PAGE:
Do you know what your blood pressure is? Do you know what a "normal" blood pressure is? It's surprising how many people say no to either or both of those questions. But this is National High Blood Pressure Education Month in the United States, so let's do some educating.
First, some sobering numbers from the Centers of Disease Control (CDC):
- Among American adults who are in the community, meaning that they are not in a hospital or a long-term care facility, about 1/3 or about 68 million have high blood pressure (hypertension).
- Hypertension is very expensive to the economy. With the associated healthcare services and medications, as well as missed days of work, hypertension costs the United States about $93.5 billion (with a B) in 2010, and the costs are rising.
But what exactly is hypertension?
As your heart pumps oxygen-rich blood away towards your body's organs and tissues, the blood pushes against the arteries, which carry the blood. The more resistance the blood meets as it goes through, the harder the the heart has to pump and the higher the pressure goes. The less resistance there is, the lower the blood pressure goes.
Picture a garden hose. As the hose rests along the ground, straight, the water pressure remains even as it flows through. If you pinch the hose, or make the end narrower, the pressure will build up. Along the same lines, if you cut holes in the hose or replace it with a wider hose, the pressure will not be as strong.
When the heart has to work hard to get the blood through the arteries, it can tire or become damaged.
So, why is that dangerous?
The harder your heart has to work, the higher the risk of it becoming damaged or you developing heart disease. Heart disease is one of the leading causes of death in North America.
You can't wait until you have signs of high blood pressure because there are no symptoms. This is exactly why hypertension is called the silent killer. By the time the damage is done, it's often too late.
Finding out your blood pressure
Many drugstores have blood pressure machines in the pharmacy area that anyone may use. If you don't know your blood pressure, this is a good place to start, unless you are seeing your doctor or nurse practitioner anyway.
Your blood pressure has two numbers, an upper number and a lower one. The upper number is the systolic pressure, as the heart beats. The lower number is the diastolic pressure, as the heart relaxes. When a nurse takes your blood pressure with a stethoscope, he or she is listening for when the beating of the blood begins as it flows through the artery and then when it can no longer be heard. The measurements are in millimeters of mercury, or mmHg.
The National Heart Lung and Blood Institute suggests that a normal blood pressure for a healthy adult 18 years old or older is one where the systolic number is 120 mmHg or lower and the diastolic is 80 mmHg or lower. A blood pressure of 120 to 139 over 80 to 89 is considered to be prehypertension. This is followed by stage I hypertension (140 to 159 over 90 to 99) and stage II (160 or higher over 100 or higher).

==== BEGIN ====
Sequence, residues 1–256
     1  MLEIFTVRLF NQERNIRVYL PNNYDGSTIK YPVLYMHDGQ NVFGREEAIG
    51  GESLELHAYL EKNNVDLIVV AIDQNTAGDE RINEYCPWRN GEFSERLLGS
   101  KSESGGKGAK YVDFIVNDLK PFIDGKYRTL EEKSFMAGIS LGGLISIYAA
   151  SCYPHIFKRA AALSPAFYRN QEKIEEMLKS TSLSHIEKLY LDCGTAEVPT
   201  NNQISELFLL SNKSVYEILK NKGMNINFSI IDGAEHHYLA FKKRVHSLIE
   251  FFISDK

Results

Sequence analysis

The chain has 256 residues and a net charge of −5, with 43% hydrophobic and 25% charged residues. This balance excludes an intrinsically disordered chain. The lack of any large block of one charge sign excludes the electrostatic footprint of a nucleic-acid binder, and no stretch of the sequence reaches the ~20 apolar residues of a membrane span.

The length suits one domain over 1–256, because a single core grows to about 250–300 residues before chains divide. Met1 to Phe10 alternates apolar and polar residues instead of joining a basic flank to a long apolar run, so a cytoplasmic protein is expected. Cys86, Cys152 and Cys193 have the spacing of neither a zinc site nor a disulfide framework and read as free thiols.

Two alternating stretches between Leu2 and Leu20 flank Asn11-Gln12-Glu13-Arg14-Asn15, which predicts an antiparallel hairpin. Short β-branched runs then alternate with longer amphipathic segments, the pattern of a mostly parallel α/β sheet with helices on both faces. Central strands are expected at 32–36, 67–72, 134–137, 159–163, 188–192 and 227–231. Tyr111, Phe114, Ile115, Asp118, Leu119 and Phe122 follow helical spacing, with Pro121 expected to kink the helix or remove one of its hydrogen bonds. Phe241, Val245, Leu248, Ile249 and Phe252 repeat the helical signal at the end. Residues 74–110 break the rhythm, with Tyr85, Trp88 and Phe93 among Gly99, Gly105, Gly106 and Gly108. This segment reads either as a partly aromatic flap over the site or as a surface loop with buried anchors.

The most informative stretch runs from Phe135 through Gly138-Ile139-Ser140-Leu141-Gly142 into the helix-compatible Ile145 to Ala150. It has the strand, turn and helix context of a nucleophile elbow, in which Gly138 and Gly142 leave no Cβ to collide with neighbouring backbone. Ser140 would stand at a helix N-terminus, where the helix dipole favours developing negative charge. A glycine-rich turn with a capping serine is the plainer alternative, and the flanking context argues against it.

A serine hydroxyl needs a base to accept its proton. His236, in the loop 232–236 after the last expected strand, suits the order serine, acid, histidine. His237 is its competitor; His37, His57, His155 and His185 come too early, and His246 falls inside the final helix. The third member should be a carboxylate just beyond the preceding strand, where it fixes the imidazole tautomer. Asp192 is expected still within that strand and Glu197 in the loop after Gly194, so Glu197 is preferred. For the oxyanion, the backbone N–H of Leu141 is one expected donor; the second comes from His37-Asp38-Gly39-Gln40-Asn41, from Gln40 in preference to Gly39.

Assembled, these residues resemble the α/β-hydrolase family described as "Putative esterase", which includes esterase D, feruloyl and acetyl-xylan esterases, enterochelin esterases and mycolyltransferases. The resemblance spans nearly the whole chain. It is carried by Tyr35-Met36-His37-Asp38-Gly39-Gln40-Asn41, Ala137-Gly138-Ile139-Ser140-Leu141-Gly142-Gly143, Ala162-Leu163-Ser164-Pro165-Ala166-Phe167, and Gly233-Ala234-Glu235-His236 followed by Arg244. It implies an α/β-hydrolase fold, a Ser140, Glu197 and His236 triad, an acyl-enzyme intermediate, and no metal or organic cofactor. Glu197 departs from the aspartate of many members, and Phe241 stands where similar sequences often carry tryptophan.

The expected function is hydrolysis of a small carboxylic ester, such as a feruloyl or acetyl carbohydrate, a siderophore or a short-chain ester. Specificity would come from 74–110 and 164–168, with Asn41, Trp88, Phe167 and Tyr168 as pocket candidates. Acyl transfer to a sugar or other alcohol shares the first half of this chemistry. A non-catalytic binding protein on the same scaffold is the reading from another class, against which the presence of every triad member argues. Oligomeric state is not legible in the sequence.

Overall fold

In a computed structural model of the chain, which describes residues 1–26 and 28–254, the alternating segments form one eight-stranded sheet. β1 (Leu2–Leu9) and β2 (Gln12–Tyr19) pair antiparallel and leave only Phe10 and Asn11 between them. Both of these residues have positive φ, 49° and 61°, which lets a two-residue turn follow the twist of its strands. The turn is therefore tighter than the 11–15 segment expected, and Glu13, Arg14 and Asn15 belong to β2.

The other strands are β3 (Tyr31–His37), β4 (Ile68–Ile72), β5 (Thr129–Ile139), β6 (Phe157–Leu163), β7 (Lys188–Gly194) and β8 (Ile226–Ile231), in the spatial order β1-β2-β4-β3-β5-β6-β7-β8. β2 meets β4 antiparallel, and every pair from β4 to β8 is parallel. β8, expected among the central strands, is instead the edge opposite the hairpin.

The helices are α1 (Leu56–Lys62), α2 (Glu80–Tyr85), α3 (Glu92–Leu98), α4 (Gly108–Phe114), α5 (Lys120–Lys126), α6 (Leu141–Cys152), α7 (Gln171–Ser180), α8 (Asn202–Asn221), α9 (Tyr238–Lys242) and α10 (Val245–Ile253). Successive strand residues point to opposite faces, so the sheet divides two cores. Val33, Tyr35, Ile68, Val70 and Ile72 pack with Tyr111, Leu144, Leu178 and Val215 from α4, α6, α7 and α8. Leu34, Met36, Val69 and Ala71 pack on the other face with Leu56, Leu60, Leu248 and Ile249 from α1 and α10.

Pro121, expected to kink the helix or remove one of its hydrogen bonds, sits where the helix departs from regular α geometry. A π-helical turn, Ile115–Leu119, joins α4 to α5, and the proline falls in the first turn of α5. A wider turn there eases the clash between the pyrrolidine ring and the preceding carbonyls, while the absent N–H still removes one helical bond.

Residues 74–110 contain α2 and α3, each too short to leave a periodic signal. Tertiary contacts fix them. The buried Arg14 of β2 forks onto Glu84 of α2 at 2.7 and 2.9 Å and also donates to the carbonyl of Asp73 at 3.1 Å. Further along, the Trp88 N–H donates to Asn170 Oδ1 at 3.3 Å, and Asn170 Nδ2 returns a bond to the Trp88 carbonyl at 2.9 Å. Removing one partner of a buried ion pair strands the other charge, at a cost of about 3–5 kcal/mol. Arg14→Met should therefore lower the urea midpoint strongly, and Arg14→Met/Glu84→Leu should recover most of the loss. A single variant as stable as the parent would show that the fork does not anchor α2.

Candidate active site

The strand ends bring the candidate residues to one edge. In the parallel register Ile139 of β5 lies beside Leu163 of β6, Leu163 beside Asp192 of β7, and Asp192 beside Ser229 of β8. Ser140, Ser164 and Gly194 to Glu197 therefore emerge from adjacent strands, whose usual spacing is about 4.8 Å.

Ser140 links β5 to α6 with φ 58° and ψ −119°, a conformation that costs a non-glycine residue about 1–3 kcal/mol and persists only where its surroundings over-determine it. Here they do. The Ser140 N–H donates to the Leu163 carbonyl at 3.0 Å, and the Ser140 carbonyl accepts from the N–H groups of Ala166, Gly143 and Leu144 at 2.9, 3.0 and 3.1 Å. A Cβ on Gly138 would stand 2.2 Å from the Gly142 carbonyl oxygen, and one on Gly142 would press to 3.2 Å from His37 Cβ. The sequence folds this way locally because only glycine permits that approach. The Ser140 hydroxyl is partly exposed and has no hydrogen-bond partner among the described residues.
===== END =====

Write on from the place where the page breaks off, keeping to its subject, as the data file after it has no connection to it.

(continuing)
If you are monitoring your blood pressure at a local store or with a machine that you have at home, it's important to be consistent by using the same machine each time, much the way you should weigh yourself on the same scale each time. Every machine is a bit different. Your blood pressure may come out to three different readings on three different machines. By taking it always on the same machine, you will see if there are any changes. It is also best to take it at the same time of day each time as blood pressures can rise and fall throughout the day.
If you think that your blood pressure is too high, you should talk to your doctor or nurse practitioner about it. It could be helpful if you keep a record of your own blood pressure measurements, a diary, so you can show the doctor what you mean.
White coat syndrome
Some people have perfectly normal blood pressures, but it shoots up whenever they have their pressure taken by a doctor or nurse. This is what we often call white coat syndrome. If this happens to you, having your own machine at home and keeping track yourself may be more helpful than just having your pressure taken at the doctor's office.
Low blood pressure
You don't hear about low blood pressure too often because, as a rule, it's not a serious problem in every day life. If you are up and about, living life as you want, a lower than average blood pressure is likely not going to cause any problems. However, people with low blood pressures can get dizzy more quickly than other people, so it is important for them to get up slowly from a sitting position, be sure they are well hydrated, and to eat well.
So - what's your blood pressure? Feel free to let us know in the comments section. Mine is usually around 115/70 or so, but it's been much lower, so I'm one of the ones who has to be very careful sometimes.
(Blog post number 2 of Blogathon 2012!)